The EU accounts for around 15 % of the world’s international trade in goods. Purchases are heavily influenced by conscious and subconscious visual cues which we relate as ‘quality’ in a product. A poor finish on a car, for example, may cause paint to develop an ‘orange peel’ look, eliciting a negative response in a buyer. This perception is important in a wide range of sectors that need to control all parameters related to visual quality, including automotive, paint, textile, construction, and aerospace industries.
Gloss, an important attribute, is measured by specular gloss meters. These illuminate a sample at specific angles and capture and record the light that is reflected off at the mirror angle with photodetectors. Although accurate, only one parameter of what humans perceive as gloss is captured - meaning two gloss surfaces measured can give identical results but appear very different visually.
Perception of gloss also depends on the ‘diffuse’ light emanating from the surface, the distinctness of a reflected image (DOI), and ‘haziness’ caused by scratches or swirls. It also includes contrast gloss (the difference between the highlight and its surroundings), the presence of different surface glosses, and imperfections.
Except for contrast gloss, industrial instruments exist to measure each of these characteristics. However, as no one instrument can measure all aspects, manufacturers spend considerable resources performing multiple measurements to ensure product consistency.
During the EMPIR project BiRD, KU Leuven developed a prototype meter, termed i-GM, for the simultaneous measurement of multiple aspects of gloss perception. The optical layout was based on ISO 2813, which specifies a method for determining specular gloss using three angles of 20°, 60° or 85°, and the design was validated with the use of raytracing software. The photodiode detector was substituted with a colour CMOS camera, and a second a-specular LED light source added to allow extraction of surface details.
The prototype was then assessed in measuring reference materials consisting of 16 matte to high-gloss samples, in comparison to a standard meter, confirming the suitability of the system to perform standard specular gloss measurements. The resultant instrument was capable of evaluating each of the five main attributes of surface gloss: specular gloss, DOI, haze, contrast and surfaceuniformity gloss.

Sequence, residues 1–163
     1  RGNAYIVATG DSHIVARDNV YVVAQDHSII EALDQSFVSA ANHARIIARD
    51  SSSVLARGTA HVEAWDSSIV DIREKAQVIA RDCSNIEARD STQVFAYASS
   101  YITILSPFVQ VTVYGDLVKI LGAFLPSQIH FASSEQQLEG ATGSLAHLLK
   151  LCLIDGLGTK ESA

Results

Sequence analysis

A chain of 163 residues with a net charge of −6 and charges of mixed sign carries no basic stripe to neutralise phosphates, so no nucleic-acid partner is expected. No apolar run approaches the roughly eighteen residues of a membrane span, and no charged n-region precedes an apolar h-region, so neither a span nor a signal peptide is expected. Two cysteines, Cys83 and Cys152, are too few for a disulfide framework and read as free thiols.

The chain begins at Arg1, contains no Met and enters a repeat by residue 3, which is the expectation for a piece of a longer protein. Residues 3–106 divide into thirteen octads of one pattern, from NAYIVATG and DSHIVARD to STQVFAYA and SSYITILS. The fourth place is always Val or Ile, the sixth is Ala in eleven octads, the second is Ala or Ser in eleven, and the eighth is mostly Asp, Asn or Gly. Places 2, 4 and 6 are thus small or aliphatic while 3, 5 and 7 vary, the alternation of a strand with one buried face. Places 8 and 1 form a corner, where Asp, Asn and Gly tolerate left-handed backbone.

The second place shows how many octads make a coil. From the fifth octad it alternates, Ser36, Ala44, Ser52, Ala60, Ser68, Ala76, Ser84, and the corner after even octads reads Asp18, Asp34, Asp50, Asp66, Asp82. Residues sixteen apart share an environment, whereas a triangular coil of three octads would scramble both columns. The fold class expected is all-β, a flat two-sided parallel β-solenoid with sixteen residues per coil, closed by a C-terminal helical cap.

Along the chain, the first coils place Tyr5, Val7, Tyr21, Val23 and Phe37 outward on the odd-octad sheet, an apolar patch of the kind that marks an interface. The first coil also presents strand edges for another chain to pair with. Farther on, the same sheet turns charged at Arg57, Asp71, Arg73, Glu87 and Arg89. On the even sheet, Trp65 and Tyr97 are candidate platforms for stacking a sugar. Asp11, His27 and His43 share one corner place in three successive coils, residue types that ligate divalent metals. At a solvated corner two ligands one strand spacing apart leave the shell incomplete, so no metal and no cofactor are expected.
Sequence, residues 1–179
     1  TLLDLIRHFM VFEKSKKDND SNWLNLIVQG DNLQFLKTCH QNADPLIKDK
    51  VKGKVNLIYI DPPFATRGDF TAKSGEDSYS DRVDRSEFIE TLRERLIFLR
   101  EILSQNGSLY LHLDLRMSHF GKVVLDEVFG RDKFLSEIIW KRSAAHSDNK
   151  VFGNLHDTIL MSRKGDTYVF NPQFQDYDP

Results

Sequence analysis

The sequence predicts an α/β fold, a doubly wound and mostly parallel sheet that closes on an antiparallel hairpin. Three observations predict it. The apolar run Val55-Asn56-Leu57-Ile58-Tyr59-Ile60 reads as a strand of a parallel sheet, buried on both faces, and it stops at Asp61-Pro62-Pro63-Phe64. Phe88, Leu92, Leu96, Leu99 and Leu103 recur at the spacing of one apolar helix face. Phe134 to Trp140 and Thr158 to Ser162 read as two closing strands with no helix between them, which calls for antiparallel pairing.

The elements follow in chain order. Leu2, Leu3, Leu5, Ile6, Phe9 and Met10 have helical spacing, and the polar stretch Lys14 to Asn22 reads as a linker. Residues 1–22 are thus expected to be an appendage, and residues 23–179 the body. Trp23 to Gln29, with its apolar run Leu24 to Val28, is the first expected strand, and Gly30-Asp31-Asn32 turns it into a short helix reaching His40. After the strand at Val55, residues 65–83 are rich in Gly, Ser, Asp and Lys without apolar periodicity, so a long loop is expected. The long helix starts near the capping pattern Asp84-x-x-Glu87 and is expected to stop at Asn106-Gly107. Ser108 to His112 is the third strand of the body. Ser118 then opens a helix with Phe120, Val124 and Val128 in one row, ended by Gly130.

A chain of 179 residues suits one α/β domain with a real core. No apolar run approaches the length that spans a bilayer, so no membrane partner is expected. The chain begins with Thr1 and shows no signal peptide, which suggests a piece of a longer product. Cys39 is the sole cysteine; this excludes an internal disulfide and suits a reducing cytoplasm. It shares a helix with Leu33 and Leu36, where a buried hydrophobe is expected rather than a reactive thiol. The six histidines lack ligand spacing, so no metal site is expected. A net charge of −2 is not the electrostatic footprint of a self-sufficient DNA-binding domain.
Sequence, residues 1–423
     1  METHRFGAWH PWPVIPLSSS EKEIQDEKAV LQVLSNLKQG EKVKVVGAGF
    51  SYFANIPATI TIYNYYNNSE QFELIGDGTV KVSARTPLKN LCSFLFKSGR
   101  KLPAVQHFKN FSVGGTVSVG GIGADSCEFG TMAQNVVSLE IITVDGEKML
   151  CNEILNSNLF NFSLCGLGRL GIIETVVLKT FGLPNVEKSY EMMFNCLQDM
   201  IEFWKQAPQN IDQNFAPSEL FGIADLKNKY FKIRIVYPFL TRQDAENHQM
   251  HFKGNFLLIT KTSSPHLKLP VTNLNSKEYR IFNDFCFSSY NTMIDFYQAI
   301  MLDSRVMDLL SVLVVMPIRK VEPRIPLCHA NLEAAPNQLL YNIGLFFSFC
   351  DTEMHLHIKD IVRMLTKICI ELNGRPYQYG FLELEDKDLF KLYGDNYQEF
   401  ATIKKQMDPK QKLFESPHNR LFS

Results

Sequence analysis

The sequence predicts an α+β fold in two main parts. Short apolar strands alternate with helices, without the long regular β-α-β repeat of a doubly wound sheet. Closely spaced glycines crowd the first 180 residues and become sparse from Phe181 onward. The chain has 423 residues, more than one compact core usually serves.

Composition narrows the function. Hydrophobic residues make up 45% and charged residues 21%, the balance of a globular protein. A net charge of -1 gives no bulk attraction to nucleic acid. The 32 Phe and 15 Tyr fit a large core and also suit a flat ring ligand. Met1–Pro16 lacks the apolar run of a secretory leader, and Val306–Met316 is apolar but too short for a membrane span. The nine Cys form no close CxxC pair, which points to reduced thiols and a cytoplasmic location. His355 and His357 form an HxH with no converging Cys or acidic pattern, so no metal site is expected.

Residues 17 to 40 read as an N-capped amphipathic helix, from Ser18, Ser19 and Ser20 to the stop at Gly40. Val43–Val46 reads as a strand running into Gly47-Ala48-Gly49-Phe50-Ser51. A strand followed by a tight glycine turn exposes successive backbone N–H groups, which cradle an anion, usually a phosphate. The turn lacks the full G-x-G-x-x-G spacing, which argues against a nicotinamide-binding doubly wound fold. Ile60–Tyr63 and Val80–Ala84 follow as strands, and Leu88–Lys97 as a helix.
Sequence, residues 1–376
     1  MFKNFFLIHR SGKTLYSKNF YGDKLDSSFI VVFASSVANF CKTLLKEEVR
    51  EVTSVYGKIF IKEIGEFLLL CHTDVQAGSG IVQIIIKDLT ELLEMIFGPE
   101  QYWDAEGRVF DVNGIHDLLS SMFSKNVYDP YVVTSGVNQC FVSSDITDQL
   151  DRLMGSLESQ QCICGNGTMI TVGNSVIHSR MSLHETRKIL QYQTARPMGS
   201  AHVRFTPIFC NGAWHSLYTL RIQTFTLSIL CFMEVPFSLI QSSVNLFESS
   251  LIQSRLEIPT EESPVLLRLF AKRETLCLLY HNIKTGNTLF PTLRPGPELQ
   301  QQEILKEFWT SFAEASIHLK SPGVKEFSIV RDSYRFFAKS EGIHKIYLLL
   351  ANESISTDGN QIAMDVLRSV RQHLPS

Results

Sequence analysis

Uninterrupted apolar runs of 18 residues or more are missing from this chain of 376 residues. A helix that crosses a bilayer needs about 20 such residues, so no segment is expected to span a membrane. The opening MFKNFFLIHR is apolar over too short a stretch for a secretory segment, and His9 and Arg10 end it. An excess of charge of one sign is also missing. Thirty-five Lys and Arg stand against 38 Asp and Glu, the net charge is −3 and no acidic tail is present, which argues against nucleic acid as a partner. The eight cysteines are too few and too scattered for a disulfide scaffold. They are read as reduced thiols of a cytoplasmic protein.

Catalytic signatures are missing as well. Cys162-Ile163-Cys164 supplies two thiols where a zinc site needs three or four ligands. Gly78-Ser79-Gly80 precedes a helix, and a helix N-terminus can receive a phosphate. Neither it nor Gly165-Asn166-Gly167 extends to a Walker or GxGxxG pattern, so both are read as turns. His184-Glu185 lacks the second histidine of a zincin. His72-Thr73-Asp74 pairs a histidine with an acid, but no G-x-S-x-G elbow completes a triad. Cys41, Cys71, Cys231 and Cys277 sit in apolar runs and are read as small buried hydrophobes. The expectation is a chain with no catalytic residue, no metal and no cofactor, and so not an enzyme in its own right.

At the end of the BiRD project, the new i-GM instrument was further adapted in conjunction with project partner Rhopoint Instruments Ltd – experts in visual measurement systems and services.
A second CMOS camera was added to capture surface light, and the theoretical design of the system optimised via simulations. Image quality was improved by the addition of a lens diaphragm along with multiple LEDs to illuminate a sample from various angles.
The new meter, in addition to specular gloss, can measure a large range of parameters, including ‘sparkle’ and contrast gloss – the latter of which has never been incorporated before in a commercial instrument. As images are captured by cameras, physical texture can be extracted from the 3D tomography of a product’s surface – including “orange peel” and other defects.
Rhopoint acknowledge the help of the project in the development of this instrument, based on sound metrology principles. This included the access to psychometric tests and simulations by the project’s consortium, that helped link measurements to human perception of a product’s appearance.